Under the mentorship of high-level business executives, three students from the Johns Hopkins University School of Nursing (JHUSON) Doctor of Nursing Practice (DNP) program are learning to combine the best practices of business management, nursing leadership, and executive effectiveness.
Established through a gift from JHUSON Professor Maryann F. Fralic, DrPH, RN, FAAN, the new program offers three exceptional DNP students financial support aimed at building a year-long relationship with executive mentors from a variety of non-health care disciplines and industries, including the worlds of business, finance, entertainment, media, politics and government, science, and technology.
“The Executive Mentorship Program is unique in that it provides an opportunity for mentors to spend quality time with a graduate student and provides funding for the students’ leadership development outside the traditional work environment,” says Dr. Gail Cassell, Vice President of Scientific Affairs at Eli Lilly and Company and a JHUSON Advisory Council member. Cassell will serve as a mentor to DNP student Laurie Saletnik, MSN ’07, RN, assistant director of surgical nursing at The Johns Hopkins Hospital. Saletnik seeks to develop enhanced skills to maneuver in a highly political environment, gain the support of others, and “better articulate the value of nursing to those outside of nursing, and potentially those outside of health care.” Says Cassell: “It will be very advantageous for Laurie to meet with other female executives across disciplines, and for us to hear from Laurie about the nursing profession of the future and the critical role of nurses in American health care reform.”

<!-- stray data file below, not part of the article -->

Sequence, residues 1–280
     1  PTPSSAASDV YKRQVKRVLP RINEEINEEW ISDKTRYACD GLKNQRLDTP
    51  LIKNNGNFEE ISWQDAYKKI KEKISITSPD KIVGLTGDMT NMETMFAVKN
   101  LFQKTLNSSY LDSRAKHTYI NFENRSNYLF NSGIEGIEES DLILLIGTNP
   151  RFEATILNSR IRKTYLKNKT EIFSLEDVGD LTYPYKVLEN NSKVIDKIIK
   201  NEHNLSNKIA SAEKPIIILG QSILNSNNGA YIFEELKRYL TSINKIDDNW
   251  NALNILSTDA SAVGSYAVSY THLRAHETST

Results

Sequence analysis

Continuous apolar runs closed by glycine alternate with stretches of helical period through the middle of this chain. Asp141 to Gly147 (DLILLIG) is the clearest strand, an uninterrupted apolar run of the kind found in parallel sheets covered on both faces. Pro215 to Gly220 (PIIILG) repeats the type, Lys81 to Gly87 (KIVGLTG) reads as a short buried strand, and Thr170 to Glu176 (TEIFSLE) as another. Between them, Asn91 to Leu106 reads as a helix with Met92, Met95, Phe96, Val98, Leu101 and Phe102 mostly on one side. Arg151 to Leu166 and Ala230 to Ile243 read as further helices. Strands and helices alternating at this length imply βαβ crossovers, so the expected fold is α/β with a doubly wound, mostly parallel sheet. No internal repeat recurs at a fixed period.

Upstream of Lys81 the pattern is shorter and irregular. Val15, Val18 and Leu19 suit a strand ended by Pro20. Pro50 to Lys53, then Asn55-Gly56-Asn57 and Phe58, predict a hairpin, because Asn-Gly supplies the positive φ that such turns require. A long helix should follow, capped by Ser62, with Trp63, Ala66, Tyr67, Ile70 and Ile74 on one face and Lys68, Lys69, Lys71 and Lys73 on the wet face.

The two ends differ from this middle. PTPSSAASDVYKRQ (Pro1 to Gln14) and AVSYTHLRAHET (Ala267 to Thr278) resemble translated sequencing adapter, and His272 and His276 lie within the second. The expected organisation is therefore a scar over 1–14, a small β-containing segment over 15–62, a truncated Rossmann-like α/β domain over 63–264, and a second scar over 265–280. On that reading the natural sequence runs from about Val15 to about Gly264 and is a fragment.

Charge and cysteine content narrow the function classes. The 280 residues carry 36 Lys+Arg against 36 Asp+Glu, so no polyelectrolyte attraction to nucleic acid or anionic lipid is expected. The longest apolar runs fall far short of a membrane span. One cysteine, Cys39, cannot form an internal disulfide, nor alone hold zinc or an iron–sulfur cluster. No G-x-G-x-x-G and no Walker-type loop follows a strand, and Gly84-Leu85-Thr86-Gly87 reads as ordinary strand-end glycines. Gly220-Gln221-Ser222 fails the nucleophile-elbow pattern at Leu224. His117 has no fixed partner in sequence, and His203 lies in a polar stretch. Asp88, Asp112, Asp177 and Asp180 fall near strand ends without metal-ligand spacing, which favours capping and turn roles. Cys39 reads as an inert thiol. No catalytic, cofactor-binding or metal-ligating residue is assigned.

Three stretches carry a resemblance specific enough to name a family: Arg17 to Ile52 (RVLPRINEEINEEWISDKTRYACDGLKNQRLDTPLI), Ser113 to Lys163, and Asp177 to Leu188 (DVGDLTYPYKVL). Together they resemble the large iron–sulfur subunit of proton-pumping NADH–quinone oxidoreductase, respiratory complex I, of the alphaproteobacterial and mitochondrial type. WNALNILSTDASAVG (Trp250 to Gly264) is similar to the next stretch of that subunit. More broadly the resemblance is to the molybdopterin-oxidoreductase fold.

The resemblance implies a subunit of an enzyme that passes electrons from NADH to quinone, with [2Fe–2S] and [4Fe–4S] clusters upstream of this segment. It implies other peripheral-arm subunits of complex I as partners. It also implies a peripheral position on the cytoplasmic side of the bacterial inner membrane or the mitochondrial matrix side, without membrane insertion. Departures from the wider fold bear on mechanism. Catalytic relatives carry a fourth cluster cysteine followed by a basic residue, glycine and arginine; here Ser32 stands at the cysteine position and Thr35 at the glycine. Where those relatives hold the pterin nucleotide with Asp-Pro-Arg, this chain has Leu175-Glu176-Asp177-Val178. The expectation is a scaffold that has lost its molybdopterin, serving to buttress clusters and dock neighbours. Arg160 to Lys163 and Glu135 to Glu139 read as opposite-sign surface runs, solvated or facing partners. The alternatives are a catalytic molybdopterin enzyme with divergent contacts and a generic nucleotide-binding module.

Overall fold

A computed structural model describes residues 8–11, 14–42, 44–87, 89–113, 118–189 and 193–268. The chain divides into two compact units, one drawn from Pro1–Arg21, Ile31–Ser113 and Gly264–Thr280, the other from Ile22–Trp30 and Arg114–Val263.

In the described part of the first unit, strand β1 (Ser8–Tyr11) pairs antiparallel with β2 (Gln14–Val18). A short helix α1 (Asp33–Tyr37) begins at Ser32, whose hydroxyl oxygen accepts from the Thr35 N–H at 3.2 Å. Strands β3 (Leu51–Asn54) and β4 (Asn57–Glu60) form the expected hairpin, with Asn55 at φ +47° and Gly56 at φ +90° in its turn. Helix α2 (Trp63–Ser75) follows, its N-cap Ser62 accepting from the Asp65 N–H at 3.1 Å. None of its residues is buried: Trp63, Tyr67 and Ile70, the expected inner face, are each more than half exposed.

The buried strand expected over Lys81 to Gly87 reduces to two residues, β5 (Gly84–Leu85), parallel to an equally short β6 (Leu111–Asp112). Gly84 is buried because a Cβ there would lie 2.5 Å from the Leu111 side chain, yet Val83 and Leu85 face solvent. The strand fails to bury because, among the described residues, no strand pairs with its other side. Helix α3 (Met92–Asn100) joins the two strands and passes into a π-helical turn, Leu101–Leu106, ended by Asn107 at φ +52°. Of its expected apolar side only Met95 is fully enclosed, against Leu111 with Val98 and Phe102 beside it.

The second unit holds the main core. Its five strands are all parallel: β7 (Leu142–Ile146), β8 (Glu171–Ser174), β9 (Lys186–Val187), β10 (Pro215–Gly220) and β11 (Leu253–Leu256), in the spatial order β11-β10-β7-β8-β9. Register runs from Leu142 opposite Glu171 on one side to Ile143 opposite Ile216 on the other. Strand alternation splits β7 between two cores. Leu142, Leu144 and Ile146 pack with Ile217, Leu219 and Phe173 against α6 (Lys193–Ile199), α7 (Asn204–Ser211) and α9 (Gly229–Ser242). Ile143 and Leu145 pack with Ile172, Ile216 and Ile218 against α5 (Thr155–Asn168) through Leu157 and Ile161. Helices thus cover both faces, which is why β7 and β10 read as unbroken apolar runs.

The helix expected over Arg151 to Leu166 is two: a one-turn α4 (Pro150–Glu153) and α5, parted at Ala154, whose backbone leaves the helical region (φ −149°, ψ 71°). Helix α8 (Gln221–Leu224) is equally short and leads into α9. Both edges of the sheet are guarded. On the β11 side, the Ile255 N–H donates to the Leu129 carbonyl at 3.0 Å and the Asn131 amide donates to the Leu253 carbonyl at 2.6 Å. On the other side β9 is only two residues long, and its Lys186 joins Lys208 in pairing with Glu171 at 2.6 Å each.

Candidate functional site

Ron Shapiro of Shapiro Negotiations Institute, a global provider of training and consulting in negotiation, influencing, and sales optimization, will mentor JoAnn Ioannou, MSN/MBA ’05, RN. In her position as Assistant Director of Medical Nursing at The Johns Hopkins Hospital, Ioannou is responsible for the department of medicine’s nursing services and specialties, including keeping the department within budget. She is also working on a system-level intervention to localize the region’s medical services to improve communication, continuity of care, and collaboration between disciplines. Shapiro plans to help Ioannou strengthen her skills in negotiations, change management, and strategic financial planning.
A third executive mentor Debra Lappin – a leading strategist in public health and science policy – is working with Beth Kilmoyer, MS, RN-BC. As Senior Vice President of B&D Consulting, LLC, Lappin is known for establishing innovative public-private partnerships across government, academic, and non-profit sectors to drive translation research and public health promotion and prevention. Kilmoyer, who serves as informatics project manager at Mercy Medical Center in Baltimore, says that implementing future technology innovations and streamlining nursing processes requires “effective strategic planning” and “motivational visionary leadership.” She is looking forward to working with Lappin on sharpening her skills in motivation, innovation, and strategic policy visioning.
According to Fralic, “We are deeply indebted to the world-class leaders that have agreed to be part of this program and invest their time and energy in our students. The Executive Mentorship Program offers today’s leaders avenues not only to share expertise, but most importantly to engage and positively influence the professional health care leaders of tomorrow. The mentor relationship will guide these emerging nurse leaders in the development of their own executive leadership skills and their future career endeavors.”